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252 pages, ebook
First published October 1, 2021
Behind the Veil
is an atmospheric paranormal thriller set in 1920s Los Angeles. Letitia is a medium who helps the living move on by sharing the last moments of their loved ones. She has a genuine gift, and there’s something mysterious that happened in her past that compels her to help others, and not to take advantage of them in their time of grief. But when a man reaches out to her to help with his niece who is facing a mysterious specter and might have powers similar to Letitia’s, she must choose between helping the innocent girl and possibly losing her sanity–or even her life.
The book does have some trigger warnings that should be heeded. In the advanced reader copy, they’re provided at the end of the book, and I do suggest checking them out before diving into this story. I won’t reveal them here, because they are spoilers, but if you do have triggers, proceed with caution.
Letitia is a fascinating protagonist. She wants to help people, but she’s also paralyzed with fear of what could happen to her if she does not keep a firm control of her gift. She doesn’t have many friends. She’s moved to Los Angeles to start her practice, even though many view her as either a charlatan or a heretic. The story frequently hints at a tragic past, with the details of it being provided piecemeal to the reader.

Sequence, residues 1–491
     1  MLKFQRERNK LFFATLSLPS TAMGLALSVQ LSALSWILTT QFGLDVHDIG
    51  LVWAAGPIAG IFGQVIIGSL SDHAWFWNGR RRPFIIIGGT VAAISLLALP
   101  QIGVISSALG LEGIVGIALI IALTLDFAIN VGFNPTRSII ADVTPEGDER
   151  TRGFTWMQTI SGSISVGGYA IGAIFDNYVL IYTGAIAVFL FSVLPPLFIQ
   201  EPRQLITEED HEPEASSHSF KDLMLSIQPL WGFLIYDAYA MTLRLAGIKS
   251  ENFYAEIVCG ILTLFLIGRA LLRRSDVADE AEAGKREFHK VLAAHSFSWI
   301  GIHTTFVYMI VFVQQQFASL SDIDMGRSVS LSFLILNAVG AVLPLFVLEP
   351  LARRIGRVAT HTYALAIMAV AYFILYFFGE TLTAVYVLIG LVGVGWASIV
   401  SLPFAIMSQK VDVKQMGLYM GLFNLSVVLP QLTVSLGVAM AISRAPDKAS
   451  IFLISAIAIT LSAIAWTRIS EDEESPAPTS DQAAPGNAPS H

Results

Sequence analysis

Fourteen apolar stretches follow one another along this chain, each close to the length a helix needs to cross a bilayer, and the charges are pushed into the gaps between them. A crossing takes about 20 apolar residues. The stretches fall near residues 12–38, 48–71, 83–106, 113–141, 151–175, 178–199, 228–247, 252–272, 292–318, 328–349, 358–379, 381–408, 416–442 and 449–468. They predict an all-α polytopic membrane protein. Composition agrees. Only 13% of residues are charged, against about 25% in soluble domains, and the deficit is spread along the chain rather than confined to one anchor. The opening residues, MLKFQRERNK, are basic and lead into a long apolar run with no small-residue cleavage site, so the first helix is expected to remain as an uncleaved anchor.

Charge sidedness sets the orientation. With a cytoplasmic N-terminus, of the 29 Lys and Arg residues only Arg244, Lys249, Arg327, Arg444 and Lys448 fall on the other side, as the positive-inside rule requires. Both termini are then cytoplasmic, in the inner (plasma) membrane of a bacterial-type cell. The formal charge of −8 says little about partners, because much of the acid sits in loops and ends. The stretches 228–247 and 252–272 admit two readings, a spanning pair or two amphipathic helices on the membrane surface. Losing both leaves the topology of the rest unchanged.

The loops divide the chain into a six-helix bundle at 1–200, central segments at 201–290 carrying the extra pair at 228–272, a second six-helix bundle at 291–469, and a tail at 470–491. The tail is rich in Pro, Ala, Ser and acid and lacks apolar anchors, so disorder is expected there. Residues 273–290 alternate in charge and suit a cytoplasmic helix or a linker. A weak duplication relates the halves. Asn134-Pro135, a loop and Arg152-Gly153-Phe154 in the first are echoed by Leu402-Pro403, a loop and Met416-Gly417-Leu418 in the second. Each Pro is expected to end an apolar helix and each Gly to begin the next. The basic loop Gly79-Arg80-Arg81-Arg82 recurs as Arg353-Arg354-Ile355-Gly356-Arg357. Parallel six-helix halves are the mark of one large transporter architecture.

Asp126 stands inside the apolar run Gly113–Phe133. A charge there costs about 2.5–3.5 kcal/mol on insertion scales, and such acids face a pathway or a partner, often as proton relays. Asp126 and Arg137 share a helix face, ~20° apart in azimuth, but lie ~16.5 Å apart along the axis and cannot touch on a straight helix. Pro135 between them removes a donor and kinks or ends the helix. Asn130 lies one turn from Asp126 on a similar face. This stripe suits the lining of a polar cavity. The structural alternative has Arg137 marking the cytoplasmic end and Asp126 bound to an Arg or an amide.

I love the significance of the title: “Behind the Veil”. There’s the more obvious meaning, with how Letitia is a medium who has visions of those who have died. She also wears a veil to obscure her identity from her clients to maintain a modicum of anonymity. But she also has walls built high to shroud who she really is, which keeps people from getting to know her. This self-constructed "veil" serves to protect her from getting hurt–like how she has been hurt in the past.
While this book is slow to start, the pace quickens at the halfway mark, and there is a lot of action propelling the readers to the end. The story goes in dark and twisted directions that I definitely didn’t see coming. There’s also somewhat of a genre pivot partway through the book–there’s a strong romance subplot interwoven into the storyline.
The writing is lyrical, yet easy to follow. The setting feels authentic to what 1920s America would have been like, and Dawson effectively sets the stage for her spooky paranormal suspense novel with nearly every line.
I recommend this book to those looking for a creepy and atmospheric paranormal thriller to chill the bones on a cold winter’s night.
Physical manifestation of her sensory perceptions was the sign of an overwhelming persona.